Archaeology Digs - Summer 2013

Archaeology Digs Summer 2013
 
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Archaeology Digs - Winter 2012

Archaeology Digs Winter 2012

Please use this page to post any information you may have on Archaeology digs winter 2012!

Tuesday, 8 May 2012

Stefan Sagrott Career Interview

Stefan Sagrott graduated from the University of Edinburgh in 2009. We caught up with him to ask him about his career and thoughts so far.

Where did you graduate and what are you doing now?
I graduated with a degree in archaeology from the University of Edinburgh in 2009. I had always intended to follow this up with an MSc by research and perhaps a PhD into my main interest which is hillforts. Instead I undertook a taught Msc in Environmental Sustainability, whilst working part time as an Illustrator for AOC Archaeology, and since graduating also work as a Junior Consultant.

When you graduated were you looking for a career in archaeology?
I had the misfortune to graduate a year after the global financial crisis, the construction industry in the UK had basically shut up shop and archaeology companies were downsizing drastically. I was looking for work in archaeology, as that’s all I had imagined myself doing, but there simply weren’t any jobs, so instead I ended up working in a bar for a year. Just as I’d applied to do the Masters in Environmental Sustainability, I got a call from a company I’d done some work for when I was a student, asking if I wanted a few weeks work cleaning and measuring bricks from the excavation of an industrial site. That developed into some temporary illustration work, so I went ahead with my Masters whilst working part-time as an illustrator. During my Masters I studied quite a bit on Environmental Impact Assessment, planning law and wind farms, and when I graduated I was lucky enough to not only be taken on fulltime by AOC, but also as a Junior Consultant, allowing me to put my Masters to good use.

How has a degree in archaeology benefited your career?
These days any archaeology job requires a degree, so having a degree in archaeology is essential for getting a job. A lot of what I learnt at university isn’t used on a day to day basis in my job, but it is still useful for background reference and understanding sites, as well as teaching you to research and write succinctly. Other things I learnt, such as GIS, I use on a daily basis, and I’d advise everyone who can to get some experience with GIS software. What is most useful are the contacts I made and the fieldwork I carried out during my summers. By the time I graduated I had over 6 months fieldwork experience on both research excavations and commercial excavations and this is invaluable if you’re trying to get a job in archaeology.

Would you go back into Archaeology later down the line?
At the moment I’m one of the lucky ones who gets to work in archaeology every day. It might not be the exact career I had in mind; I never considered illustration or consultancy, I always assumed I’d start off as an excavator! However I’m still considering doing a PhD eventually, although at the moment there’s no rush for anything.

Tuesday, 1 May 2012

Interview with Jaime Almansa-Sánchez

Jaime Almansa-Sánchez graduated from Universidad Complutense de Madrid (Spain) as ‘Licenciado en Historia’ in 2006.

Where did you graduate and what are you doing now?
I graduated from Universidad Complutense de Madrid (Spain) as ‘Licenciado en Historia’ in 2006. After starting my PhD there, I made a break to complete an MA in Public Archaeology at UCL in 2008. I’m supposed to continue writing my PhD thesis, although since 2010 I run my own commercial company in Madrid and don’t have much time.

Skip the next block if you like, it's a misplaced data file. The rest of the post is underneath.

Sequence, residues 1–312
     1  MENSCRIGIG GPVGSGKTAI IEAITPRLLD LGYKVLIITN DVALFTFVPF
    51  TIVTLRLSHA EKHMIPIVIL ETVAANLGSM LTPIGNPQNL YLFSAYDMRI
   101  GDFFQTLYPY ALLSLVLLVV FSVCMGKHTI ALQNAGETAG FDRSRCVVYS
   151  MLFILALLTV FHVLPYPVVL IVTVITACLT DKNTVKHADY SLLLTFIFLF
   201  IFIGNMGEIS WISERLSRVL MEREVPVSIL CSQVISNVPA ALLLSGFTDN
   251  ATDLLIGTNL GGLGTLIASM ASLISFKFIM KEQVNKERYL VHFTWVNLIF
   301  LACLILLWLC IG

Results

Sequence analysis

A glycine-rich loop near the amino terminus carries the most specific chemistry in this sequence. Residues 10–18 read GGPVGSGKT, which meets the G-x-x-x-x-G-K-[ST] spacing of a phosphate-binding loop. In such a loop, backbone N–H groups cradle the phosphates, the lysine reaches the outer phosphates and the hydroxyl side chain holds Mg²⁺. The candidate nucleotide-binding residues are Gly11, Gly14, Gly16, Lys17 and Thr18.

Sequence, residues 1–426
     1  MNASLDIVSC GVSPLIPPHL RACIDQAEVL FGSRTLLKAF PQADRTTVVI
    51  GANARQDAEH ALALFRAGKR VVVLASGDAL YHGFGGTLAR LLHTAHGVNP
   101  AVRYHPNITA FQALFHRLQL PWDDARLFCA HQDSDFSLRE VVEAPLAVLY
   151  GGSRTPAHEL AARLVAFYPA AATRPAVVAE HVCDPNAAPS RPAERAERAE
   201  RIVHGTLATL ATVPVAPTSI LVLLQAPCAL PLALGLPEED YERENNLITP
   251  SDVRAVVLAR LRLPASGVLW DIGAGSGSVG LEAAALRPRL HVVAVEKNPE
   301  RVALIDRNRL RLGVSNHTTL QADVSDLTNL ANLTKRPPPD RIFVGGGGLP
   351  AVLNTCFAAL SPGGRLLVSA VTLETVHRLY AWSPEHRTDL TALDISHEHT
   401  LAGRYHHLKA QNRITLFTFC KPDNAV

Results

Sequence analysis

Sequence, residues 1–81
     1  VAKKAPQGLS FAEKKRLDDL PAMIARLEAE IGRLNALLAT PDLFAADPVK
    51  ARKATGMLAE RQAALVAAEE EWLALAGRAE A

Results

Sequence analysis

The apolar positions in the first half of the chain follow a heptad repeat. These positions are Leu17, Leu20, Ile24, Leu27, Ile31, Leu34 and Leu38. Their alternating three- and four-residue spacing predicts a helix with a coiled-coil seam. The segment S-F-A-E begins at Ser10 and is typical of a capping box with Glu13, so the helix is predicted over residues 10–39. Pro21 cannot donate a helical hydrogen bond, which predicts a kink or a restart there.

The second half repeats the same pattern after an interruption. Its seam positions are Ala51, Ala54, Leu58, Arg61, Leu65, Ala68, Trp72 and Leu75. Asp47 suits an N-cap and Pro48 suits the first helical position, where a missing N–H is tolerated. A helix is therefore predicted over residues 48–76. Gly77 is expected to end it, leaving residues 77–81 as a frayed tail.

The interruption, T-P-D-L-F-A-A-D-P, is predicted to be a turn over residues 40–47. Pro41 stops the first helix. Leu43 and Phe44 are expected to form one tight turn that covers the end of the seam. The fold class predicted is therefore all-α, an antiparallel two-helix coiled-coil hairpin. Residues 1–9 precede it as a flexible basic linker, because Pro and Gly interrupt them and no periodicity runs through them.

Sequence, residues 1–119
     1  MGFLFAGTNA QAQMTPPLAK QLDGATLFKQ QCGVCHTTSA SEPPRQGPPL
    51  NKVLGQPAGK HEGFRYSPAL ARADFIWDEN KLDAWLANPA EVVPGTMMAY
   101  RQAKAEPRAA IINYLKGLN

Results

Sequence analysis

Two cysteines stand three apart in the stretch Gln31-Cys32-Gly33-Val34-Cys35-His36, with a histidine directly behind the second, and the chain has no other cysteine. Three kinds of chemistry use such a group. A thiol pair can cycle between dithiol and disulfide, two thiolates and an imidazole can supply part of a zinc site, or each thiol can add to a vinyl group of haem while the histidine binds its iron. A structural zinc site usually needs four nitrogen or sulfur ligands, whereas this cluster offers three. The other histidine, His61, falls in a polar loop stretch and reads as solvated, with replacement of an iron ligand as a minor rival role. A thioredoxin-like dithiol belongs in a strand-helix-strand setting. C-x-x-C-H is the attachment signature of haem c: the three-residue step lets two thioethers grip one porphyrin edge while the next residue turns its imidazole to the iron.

When you graduated were you looking for a career in archaeology?
I started working in an archaeological site as a volunteer when I was 16. Since then I had no doubt I wanted to continue. During my degree, I prepared myself for a research career in different topics, until I discovered public archaeology in 2004. Anyway, since the day after I came back from my end-of-degree trip to Greece, I started working in the commercial sector for some months. That made me focus on management issues, although I enrolled a nice project in Ethiopia and kept doing very different things. When I came back from London and got rejected from my last opportunity of getting a scholarship for a PhD, I have to recognise I was about to leave. But after some weeks figuring out what to do in the middle of a crisis, I decided to start my own company and try to conduct all my projects from the commercial sector. Today I don’t see my life without (public) archaeology.

How has a degree in archaeology benefited your career?
Sometimes I think I could have been an architect and work in archaeology anyway. The social value of our work in Spain is poor, and so, we are not in a very good position to do anything. I use to complain about the lack of practical training I got in my degree (most I know I learn it working everyday) but I got something more important… the capacity of critical thinking and a strong basis to build my career. Later in UCL I had a great year to continue learning what I really wanted to, and I managed to live from it. 
I should probably differentiate two careers:
-Academic/Research: Absolutely. I could not be where I am without both degrees.
-Commercial: I feel I’m studying everyday again to manage the company. Besides the public archaeology issues, which I should treat more like research than commercial work (although I get money from them), everything else is new. It took me more than a year to adapt to simple issues like taxes and bureaucracy, and now it is overwhelming. Anyway… I keep growing little by little in the business.

Would you go back into Archaeology later down the line?
After 12 years in archaeology and all the stuff I’m getting into, I think I am in a no-return point. Of course, one day I might consider a change in the
path to settle a bit, but always in the field of archaeology; museums, universities, research centres, administration… You never know what you will be doing in the future, but I’m sure it will be in some way related to archaeology. Maybe I have to get some other jobs in the middle to survive, but once you are in, it is too vocational to just leave. I’m very lucky to be working on what I want and living from it. Many of my friends are in gyms, petrol stations or, in the best cases, schools or libraries, but all them keep involved in some project or personal research, waiting for the opportunity to come back.
It makes me very sad to see the panorama, specially now with the crisis, but we are in a profession that seems to be in some way special. It is difficult to give up. I will try not to.